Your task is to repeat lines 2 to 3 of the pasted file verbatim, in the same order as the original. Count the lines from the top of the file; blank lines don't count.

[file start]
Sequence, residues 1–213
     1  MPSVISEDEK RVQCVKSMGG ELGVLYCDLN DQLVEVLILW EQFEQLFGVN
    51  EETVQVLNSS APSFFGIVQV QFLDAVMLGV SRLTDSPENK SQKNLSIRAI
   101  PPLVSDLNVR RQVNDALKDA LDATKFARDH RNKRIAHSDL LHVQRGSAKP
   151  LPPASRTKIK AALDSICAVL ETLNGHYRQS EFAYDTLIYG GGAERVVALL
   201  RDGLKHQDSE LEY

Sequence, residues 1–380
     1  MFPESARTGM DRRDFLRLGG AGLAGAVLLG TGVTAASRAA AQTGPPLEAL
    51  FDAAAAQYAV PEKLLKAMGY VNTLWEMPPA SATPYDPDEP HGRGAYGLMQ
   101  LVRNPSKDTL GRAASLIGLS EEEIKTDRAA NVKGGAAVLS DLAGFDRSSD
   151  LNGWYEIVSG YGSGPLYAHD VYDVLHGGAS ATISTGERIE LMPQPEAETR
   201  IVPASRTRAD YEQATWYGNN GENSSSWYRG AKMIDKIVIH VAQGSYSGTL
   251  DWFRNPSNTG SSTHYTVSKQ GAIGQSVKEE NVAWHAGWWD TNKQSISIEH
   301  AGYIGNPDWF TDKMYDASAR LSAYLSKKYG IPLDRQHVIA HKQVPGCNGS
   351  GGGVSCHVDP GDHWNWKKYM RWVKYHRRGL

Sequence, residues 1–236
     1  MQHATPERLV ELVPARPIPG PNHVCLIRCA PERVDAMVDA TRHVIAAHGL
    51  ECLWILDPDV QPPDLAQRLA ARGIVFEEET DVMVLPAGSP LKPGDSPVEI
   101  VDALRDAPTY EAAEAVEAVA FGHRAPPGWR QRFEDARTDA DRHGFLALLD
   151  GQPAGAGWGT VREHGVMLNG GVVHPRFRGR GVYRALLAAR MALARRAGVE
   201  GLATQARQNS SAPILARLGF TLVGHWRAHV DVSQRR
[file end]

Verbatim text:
     1  MPSVISEDEK RVQCVKSMGG ELGVLYCDLN DQLVEVLILW EQFEQLFGVN
    51  EETVQVLNSS APSFFGIVQV QFLDAVMLGV SRLTDSPENK SQKNLSIRAI